… a welcome return replete with beauty, mystery and uncertainty…
So I managed to fall into that pattern again, whereby a long-anticipated album by a beloved project sits awaiting just the right time. I need a “perfect” mood and setting to experience Deaf Center, and I must not be interrupted in any possible way. And so I put it to the side. Meanwhile, I procrastinate with promos and suggestions and releases which are all sub par. Then I finally reach out, and I listen for the very first time. Then the second and the third. And time goes by. A month or two. I play it sixth and seventh time, and no, not yet, I’m not prepared to say the right things… I must find certain words to share my thoughts. And time goes by… That is the pattern. Until I recognize it for its block and rip the bandaid off and share. The time has come. Of this I’m certain.
Since their 2014 release, Recount, put out by Monique Recknagel‘s Sonic Pieces imprint, the duo of Erik Skodvin and Otto Totland have massively raised the bar on their third full-length studio album, Low Distance. I’ve generally used the word “texture” in the past, to describe the intricate granular details that give a particular recording more depth, complexity and substance, and yet, on Low Distance Deaf Center takes it to a whole new level. Seemingly accidental noises, clips, and circuit howls become the foundation for the platform of this moody record, where Totland’s piano finds the courage to reveal its beauty to the world. The heavy fibered bow scrapes at the cello strings to make the instrument convulse and shudder. The sonic gravity of the atmospheric treatments paired with the poignancy of the melodic heartache propels Low Distance into the ranks of albums of the decade, where every coveted position is meticulously picked.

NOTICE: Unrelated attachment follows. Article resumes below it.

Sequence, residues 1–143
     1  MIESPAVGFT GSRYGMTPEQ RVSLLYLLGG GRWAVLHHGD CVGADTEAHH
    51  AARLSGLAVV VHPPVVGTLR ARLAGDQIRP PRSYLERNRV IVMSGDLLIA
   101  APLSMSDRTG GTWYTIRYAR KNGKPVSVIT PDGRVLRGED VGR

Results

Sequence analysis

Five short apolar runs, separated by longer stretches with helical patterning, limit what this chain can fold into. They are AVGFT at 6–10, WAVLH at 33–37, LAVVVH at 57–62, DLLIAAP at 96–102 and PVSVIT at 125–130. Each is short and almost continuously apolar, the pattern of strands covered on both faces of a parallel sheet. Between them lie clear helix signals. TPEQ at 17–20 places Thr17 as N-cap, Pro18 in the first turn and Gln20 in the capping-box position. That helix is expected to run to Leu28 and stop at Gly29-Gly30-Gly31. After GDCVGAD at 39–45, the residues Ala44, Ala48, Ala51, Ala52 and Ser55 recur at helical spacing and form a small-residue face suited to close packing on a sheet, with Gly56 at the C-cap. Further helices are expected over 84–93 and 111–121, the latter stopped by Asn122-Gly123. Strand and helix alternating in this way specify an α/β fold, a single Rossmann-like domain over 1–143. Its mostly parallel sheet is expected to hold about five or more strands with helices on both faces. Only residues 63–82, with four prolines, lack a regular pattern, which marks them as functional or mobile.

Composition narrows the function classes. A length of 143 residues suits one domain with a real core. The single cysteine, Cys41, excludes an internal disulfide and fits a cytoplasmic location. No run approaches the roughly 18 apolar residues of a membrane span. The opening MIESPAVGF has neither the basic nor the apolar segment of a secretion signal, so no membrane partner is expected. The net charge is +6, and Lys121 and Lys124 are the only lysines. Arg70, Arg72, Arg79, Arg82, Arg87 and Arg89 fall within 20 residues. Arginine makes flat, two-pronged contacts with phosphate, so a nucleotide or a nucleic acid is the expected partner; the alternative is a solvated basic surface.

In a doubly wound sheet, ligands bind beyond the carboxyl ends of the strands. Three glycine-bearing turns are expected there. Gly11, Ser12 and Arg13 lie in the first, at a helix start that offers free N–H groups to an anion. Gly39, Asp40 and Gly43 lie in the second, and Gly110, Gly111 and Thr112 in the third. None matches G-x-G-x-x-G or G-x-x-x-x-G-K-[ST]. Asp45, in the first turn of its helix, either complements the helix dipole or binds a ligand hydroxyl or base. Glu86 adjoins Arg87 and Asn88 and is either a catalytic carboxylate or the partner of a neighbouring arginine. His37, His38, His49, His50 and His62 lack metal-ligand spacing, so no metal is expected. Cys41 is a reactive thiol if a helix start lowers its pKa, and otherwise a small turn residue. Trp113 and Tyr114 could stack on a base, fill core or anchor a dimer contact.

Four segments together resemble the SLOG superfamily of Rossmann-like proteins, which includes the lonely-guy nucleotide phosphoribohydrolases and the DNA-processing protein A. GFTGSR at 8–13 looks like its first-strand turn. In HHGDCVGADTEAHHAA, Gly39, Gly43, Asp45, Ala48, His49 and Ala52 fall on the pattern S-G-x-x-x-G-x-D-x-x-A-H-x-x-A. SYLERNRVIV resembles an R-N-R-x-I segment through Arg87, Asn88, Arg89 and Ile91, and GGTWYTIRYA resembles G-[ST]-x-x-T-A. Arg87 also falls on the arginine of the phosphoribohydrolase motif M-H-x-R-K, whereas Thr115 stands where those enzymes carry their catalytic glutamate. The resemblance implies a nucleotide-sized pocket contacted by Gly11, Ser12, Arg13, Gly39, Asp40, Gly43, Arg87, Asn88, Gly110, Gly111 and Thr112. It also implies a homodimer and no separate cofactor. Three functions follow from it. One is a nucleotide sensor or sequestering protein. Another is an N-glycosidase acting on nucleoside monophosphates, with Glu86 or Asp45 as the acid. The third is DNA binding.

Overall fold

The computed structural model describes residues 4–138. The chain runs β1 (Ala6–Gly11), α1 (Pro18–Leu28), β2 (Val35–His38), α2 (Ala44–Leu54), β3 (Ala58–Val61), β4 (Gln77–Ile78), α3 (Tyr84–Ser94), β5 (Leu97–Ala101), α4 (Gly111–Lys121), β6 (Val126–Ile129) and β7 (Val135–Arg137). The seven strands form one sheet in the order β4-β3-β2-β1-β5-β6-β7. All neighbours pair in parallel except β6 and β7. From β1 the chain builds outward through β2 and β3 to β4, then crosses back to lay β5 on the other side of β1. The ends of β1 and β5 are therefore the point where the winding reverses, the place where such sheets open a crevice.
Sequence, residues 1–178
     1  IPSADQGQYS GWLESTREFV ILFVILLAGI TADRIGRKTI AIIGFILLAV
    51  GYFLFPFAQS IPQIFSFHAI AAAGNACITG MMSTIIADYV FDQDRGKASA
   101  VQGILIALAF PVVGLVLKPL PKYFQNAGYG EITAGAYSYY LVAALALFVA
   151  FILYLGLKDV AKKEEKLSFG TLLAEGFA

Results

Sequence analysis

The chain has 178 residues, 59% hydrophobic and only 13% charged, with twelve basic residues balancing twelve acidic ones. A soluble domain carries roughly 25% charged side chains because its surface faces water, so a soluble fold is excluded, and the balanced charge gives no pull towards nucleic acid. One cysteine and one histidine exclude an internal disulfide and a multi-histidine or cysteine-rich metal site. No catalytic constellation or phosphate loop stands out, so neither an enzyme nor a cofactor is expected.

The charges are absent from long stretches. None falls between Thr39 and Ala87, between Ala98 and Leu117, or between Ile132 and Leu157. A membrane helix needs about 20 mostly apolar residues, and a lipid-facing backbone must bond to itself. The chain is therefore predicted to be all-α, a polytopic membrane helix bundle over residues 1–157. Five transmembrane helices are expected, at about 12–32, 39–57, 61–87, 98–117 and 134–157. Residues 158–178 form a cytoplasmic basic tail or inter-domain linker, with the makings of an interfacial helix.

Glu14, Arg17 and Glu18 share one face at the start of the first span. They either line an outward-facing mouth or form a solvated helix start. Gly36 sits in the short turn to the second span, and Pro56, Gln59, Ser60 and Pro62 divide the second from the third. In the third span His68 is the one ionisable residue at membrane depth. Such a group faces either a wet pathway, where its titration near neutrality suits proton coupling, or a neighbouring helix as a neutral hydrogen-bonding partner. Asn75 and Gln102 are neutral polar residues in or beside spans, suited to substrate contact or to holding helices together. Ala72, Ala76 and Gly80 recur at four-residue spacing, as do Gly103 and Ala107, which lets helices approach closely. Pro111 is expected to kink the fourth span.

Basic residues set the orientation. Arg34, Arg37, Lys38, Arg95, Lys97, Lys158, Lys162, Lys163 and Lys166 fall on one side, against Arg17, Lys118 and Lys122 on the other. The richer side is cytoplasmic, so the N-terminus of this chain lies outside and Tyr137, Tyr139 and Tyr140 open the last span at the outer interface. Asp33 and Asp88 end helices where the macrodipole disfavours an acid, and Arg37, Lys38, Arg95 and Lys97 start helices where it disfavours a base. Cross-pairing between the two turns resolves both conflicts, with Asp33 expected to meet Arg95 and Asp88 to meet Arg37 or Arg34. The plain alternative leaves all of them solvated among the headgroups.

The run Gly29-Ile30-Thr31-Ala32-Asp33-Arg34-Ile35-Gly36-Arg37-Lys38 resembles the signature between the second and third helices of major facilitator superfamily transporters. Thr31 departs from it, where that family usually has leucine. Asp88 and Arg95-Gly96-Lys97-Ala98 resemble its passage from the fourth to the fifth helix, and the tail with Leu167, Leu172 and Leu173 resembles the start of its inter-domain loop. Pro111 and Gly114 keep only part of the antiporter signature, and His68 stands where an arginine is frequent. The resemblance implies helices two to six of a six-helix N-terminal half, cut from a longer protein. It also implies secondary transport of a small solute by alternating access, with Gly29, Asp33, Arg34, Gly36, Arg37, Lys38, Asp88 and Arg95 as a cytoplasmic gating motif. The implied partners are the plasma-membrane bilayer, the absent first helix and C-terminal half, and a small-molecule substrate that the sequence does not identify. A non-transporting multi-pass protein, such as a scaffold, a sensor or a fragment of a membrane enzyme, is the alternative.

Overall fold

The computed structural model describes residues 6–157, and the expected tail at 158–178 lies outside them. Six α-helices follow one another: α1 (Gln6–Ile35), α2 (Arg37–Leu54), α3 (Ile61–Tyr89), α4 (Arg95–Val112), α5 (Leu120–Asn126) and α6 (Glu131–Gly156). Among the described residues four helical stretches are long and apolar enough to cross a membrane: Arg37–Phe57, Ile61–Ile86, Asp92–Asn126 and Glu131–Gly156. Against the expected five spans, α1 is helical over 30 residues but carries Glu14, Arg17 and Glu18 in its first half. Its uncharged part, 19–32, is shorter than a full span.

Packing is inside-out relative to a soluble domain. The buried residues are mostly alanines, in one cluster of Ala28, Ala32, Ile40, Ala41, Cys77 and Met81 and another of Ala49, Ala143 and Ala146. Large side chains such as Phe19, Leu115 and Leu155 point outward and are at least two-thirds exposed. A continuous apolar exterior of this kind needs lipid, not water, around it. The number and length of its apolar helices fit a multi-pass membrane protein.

The record starts with a piece of sweeping analogue electronics. It’s a spacious, yet dynamic opener that leads directly into the static tones and piano motifs, which balances a new sense of abstraction with the classic Deaf Center sound. It’s warm and close, while sounding like it is set in the outer horizon.
A total masterpiece for anyone inspired by the fine details stitched in a microcosm of harmonies and timbres. One which I will treasure for the many years to come, and with these words I hope you’ll too. Highly recommended for anyone delighted by reductionist pianism, isolationist ambience, coarse minimalism and granular spaciousness. Yes, I’ve authored some of those stylistic genres just for you. But seriously, if you’re into anything from the amazing Miasmah (which Skodvin runs), dark and organic drone mixed with evolving soundscapes by the likes of Rafael Anton Irisarri, Ben Lukas Boysen, Brambles, Richard Skelton, and Lawrence English, among the many appearing on this site, you’ll be in for a treat. Highly recommended!